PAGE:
Predicting the presence of oral squamous cell carcinoma using commonly dysregulated MicroRNA in oral swirls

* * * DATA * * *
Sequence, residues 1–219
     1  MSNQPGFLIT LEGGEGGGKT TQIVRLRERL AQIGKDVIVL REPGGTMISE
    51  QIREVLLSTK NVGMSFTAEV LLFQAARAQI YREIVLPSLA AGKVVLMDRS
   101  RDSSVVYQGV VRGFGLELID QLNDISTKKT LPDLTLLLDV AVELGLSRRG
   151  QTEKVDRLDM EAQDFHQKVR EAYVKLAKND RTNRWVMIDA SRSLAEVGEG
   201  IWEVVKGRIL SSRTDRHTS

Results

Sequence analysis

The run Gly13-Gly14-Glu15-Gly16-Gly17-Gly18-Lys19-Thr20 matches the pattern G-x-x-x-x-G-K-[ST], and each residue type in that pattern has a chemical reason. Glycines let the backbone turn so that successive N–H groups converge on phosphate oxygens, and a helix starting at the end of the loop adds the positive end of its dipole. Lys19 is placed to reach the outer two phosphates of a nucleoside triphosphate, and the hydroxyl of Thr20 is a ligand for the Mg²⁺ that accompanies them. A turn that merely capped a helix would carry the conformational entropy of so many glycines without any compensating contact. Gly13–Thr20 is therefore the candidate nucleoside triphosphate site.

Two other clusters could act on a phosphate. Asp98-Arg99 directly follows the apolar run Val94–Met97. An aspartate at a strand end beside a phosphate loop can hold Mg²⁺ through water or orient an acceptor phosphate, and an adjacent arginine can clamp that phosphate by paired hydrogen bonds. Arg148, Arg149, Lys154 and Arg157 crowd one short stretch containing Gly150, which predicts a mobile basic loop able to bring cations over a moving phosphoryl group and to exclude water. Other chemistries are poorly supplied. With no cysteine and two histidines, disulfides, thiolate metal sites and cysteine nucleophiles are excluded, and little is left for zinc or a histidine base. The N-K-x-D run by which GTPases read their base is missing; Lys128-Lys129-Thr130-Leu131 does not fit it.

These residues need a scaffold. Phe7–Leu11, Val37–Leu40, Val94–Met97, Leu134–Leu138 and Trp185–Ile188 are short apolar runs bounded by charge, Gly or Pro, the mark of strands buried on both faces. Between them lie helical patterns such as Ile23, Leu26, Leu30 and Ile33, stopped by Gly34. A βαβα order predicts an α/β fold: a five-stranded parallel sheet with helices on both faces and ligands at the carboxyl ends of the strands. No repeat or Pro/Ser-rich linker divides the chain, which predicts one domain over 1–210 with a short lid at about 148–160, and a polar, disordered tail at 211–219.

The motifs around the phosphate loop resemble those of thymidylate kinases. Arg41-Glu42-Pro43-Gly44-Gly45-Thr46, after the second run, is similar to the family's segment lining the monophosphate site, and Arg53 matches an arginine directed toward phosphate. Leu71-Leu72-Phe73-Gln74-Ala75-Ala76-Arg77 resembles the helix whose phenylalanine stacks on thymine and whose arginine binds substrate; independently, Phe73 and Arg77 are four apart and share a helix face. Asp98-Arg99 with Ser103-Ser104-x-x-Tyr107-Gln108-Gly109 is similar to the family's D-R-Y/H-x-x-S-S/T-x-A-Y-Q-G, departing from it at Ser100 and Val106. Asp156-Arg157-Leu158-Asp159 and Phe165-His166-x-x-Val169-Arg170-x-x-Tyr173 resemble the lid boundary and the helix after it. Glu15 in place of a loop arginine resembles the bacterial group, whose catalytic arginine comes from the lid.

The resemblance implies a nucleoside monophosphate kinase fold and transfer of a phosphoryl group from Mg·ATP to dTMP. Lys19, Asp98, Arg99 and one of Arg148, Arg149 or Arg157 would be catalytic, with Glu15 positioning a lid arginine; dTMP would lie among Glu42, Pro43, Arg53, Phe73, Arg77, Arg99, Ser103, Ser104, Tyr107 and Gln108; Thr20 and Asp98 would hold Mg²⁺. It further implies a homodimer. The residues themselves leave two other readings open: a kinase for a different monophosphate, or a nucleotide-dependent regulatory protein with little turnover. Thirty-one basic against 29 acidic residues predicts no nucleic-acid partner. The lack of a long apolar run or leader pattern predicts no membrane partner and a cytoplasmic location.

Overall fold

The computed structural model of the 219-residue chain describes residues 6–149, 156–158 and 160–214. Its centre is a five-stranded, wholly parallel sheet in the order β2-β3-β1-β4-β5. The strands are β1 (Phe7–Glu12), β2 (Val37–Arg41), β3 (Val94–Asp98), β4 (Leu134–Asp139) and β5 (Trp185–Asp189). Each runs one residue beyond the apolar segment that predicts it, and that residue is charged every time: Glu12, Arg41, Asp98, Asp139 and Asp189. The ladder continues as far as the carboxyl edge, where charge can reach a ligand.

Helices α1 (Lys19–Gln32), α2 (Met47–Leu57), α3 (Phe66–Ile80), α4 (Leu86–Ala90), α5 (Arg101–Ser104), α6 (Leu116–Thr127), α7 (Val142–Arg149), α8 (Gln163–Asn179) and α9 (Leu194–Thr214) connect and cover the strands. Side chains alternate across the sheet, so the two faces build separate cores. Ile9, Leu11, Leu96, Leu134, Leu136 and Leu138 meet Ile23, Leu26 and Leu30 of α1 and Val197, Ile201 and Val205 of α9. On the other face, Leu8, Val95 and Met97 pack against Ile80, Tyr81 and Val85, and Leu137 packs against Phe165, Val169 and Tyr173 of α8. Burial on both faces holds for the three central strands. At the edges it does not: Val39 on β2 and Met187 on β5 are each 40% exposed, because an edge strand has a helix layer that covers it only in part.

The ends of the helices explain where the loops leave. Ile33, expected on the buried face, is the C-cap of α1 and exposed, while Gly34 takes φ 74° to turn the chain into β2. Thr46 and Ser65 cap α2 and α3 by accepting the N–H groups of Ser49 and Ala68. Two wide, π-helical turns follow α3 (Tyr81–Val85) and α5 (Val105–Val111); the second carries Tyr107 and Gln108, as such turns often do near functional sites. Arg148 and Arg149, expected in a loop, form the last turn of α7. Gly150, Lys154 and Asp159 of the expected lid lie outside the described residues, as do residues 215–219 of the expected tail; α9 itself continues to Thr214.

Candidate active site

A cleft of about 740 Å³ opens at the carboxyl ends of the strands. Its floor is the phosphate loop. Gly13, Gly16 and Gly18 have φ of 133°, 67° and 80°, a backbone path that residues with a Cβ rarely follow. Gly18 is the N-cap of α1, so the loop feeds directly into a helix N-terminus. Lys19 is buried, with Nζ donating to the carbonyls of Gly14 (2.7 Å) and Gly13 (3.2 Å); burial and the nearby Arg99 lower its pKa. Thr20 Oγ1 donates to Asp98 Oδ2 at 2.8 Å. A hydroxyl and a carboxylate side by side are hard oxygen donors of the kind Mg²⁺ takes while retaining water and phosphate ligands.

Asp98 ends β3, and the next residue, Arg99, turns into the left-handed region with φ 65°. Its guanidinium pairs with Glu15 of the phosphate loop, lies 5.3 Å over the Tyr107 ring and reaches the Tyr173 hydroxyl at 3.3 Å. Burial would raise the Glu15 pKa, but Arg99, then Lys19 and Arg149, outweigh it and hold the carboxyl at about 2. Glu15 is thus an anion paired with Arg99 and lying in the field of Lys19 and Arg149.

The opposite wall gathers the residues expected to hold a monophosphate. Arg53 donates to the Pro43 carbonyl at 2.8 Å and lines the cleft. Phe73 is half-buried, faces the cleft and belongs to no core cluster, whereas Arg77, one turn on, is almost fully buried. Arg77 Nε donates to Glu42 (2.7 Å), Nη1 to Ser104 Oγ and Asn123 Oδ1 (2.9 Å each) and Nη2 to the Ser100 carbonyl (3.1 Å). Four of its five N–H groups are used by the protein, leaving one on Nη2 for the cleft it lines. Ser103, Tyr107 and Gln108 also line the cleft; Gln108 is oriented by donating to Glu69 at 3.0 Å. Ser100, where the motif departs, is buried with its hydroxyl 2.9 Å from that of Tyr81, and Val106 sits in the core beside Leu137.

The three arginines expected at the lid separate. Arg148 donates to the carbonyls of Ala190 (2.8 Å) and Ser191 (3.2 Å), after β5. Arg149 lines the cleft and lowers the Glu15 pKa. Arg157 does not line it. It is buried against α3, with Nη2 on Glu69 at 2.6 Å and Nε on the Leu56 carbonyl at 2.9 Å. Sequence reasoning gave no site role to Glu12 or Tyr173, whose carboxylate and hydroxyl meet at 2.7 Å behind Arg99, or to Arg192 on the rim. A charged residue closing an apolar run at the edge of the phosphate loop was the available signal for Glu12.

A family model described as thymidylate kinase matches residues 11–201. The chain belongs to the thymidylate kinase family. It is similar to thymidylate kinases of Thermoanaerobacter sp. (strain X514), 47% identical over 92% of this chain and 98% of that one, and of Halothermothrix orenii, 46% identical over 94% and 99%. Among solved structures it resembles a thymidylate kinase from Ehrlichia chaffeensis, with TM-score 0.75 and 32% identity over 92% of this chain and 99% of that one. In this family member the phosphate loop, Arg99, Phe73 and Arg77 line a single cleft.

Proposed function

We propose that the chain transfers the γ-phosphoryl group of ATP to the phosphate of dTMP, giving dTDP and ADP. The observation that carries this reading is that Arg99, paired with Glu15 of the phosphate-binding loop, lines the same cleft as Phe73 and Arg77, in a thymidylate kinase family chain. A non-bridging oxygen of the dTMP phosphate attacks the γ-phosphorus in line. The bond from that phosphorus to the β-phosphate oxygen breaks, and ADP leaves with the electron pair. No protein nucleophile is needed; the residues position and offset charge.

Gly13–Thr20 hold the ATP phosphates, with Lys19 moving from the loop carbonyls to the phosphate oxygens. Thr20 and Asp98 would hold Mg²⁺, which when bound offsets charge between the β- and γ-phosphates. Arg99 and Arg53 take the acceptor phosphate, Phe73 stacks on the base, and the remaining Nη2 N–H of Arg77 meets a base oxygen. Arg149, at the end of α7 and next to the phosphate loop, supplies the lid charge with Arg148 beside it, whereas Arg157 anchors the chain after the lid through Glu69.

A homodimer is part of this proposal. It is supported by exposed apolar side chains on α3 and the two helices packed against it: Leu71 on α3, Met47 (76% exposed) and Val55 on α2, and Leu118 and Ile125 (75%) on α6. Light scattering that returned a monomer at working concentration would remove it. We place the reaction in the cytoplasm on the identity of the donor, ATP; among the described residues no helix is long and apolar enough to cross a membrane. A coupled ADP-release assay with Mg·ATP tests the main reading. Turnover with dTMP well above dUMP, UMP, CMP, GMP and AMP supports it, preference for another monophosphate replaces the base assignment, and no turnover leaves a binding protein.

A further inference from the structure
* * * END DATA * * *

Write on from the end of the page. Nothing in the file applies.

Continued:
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Oral swirls are a noninvasive, rapidly collected source of salivary microRNA (miRNA) potentially useful in the early detection of disease states, particularly oral squamous cell carcinoma (OSCC). The aim of this study was to predict the presence of OSCC using a panel of OSCC-related dysregulated miRNA found in oral swirls, identified jointly in data from formalin-fixed paraffin-embedded (FFPE) and fresh-frozen specimens. Next-generation sequencing (NGS) was used to determine miRNA fold changes in FFPE OSCC specimens relative to histologically normal epithelium. These data were placed with NGS of fresh-frozen tissue data of The Cancer Genome Atlas database to select a panel of commonly dysregulated miRNA. This panel was then analyzed by RT-qPCR in RNA extracted from oral swirls collected from 30 patients with OSCC and 30 controls. Upregulation of miR-31 and miR-21 and downregulation of miR-99a, let-7c, miR-125b, and miR-100 were found between OSCC and controls in both FFPE and fresh-frozen samples. These miRNAs were studied in a training set of 15 OSCC versus 15 control oral swirls to develop a dysregulation score [AUC, 0.95; 95% confidence interval (CI), 0.88-1.03] and classification tree. A test cohort of 15 OSCC versus 15 control oral swirls yielded a dysregulation score AUC of 0.86 (95% CI, 0.79-1.00) with the classification tree identifying 100% (15/15) of OSCC and 67% (10/15) of controls. This study debuts the use of OSCC-associated miRNA, commonly dysregulated in both FFPE and frozen specimens, in oral swirls to indicate the presence of OSCC with high accuracy. Cancer Prev Res; 11(8); 491-502. ©2018 AACR.
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